Business Balloons With New FacilityNov 13, 2017 11:16AM ● By Emily Stevenson
Charleston Balloon Company has expanded into a retail facility with a storefront and production space. The grand opening will be held Monday, Nov. 20 from 6-8 p.m.
The balloon shop, owned and operated by Jill Shortreed, previously operated out of space in their home.
“By expanding into a shop with a storefront attached, it allows the customer who maybe doesn’t want a full-blown service but wants an element of what we do to come in and pick it up or place an order for delivery,” Shortreed says.
Originally from New Jersey, Shortreed and her husband, Scott, operated a party store there. In 2004, Scott, who works for the U.S. Postal Service, was transferred to South Carolina, so the couple closed up their existing shop and moved to the Palmetto State in 2004. They didn’t intend to reopen a shop, but a couple of years after they moved, they had once again opened a party goods store.
“About two years into having the store, I had taken a course to help you evaluate your business, and I came home and looked at Scott and said, ‘We’re really stupid,’ “ says Shortreed. “We spend all this money on party goods, which has an extreme overhead, and we make all our money on balloons. That’s what supports the business.”
The pair closed up shop, liquidated the party goods, and re-branded into just a balloon company. They also made the business a home-based one, which it remained until recently. According to Pioneer Balloon Co., supplier of Shortreed’s balloons, there are approximately 450 balloon boutiques in the world, and Charleston Balloon Co. is the largest one in North America. It’s tied for fourth largest in the world. Having a storefront will only help increase business.
“The store is more of a ‘Pinterest-in-person’ experience,” says Shortreed. “We have design books that clients can look through, and it complements the products that are on the wall.”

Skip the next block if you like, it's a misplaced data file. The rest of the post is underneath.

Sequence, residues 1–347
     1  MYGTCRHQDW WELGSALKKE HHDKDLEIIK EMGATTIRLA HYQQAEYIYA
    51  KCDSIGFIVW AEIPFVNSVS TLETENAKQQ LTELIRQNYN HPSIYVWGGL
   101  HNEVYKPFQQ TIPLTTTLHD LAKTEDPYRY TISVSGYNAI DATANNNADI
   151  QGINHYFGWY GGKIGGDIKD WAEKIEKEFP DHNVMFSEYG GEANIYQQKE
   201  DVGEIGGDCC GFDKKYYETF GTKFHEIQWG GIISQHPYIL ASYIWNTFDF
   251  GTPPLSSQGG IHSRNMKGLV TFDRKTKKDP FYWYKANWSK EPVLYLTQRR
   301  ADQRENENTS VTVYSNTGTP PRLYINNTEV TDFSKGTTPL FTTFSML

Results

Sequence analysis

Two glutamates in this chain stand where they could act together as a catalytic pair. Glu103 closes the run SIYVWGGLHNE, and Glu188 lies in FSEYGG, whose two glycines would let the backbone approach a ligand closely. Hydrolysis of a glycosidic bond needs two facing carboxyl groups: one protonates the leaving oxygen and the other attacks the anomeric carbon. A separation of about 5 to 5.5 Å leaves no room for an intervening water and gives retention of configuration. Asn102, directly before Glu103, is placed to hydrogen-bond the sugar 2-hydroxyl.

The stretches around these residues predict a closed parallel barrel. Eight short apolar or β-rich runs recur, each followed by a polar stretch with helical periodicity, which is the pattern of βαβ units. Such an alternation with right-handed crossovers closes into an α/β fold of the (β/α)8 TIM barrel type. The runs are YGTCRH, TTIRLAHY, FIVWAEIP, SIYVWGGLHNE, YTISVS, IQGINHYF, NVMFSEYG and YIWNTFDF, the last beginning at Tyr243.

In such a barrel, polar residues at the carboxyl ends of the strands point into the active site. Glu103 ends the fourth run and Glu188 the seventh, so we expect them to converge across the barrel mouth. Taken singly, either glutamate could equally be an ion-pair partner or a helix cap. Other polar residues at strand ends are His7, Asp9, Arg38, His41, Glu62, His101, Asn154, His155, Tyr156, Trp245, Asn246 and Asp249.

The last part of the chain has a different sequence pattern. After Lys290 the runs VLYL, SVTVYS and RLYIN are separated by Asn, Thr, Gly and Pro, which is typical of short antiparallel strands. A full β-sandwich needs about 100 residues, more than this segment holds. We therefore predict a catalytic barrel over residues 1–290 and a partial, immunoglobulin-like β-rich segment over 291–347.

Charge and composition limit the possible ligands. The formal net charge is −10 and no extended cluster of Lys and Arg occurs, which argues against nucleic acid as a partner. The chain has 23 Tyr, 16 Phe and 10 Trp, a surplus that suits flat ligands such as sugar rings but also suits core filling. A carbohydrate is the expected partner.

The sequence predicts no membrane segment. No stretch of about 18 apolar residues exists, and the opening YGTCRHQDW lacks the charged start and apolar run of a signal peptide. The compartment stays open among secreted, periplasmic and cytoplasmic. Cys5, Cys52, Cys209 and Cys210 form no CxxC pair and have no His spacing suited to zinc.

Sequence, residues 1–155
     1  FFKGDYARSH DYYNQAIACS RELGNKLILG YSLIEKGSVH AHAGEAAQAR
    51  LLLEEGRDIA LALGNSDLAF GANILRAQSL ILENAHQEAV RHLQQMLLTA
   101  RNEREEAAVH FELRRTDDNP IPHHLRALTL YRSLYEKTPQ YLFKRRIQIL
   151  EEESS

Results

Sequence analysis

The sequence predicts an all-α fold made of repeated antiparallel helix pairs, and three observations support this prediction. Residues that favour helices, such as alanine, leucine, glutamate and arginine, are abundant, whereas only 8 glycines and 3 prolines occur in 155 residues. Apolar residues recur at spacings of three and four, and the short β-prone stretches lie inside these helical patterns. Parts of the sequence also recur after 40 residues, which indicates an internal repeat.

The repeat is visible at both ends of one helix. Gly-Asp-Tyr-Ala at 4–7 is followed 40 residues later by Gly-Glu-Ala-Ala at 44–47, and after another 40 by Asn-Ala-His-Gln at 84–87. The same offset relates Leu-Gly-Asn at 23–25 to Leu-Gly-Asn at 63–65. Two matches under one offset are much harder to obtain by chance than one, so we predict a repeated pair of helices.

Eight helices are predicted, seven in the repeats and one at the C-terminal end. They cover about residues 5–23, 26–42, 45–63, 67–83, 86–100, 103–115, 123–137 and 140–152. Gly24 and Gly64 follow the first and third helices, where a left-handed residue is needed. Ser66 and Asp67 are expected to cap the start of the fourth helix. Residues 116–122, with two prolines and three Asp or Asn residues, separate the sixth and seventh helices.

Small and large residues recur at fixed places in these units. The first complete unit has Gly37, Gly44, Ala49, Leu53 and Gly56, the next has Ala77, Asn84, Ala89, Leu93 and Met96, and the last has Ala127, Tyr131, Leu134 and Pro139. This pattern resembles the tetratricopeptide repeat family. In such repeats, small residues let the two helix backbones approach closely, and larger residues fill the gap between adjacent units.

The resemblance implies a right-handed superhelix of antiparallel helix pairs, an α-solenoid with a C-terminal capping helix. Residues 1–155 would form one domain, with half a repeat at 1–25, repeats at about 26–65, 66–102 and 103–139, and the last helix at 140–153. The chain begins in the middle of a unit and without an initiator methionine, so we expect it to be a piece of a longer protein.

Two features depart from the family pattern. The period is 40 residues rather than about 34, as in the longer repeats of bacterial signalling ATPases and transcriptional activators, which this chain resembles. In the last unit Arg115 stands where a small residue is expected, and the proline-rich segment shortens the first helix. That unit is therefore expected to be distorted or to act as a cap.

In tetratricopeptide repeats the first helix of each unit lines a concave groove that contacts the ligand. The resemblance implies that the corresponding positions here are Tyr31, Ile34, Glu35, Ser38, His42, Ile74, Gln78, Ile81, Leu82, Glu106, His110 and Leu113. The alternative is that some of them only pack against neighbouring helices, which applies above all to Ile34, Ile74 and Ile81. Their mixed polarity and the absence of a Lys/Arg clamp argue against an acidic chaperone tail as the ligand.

The new facility also has a production window to give clients a view of projects currently under production.
“Kids get a kick out of seeing the balloons being blown up in the back,” Shortreed says.
The company utilizes Qualatex balloons from Pioneer, a staple for professional balloon decorators due to their durability. And durability is important – Shortreed says that weather is the company’s biggest challenge.
“Mother Nature is our enemy,” she laughs. “We do a lot of outdoor events, but that’s what makes us stand out. We know how to work around those obstacles.”
If, for instance, Lowcountry winds are strong, Shortreed may make a design change for safety reasons, or she will discourage clients from picking black balloons for an outdoor event in August.
Shortreed says that fall is typically the company’s busiest time, although in recent years business has been steady year-round. The company’s largest demographic has been corporate and nonprofit events, and Shortreed has worked with such companies as Harris Teeter, Benefitfocus, MUSC, and the Charleston County School District.
“Any sort of large corporation here, they have probably gotten the balloons from us.”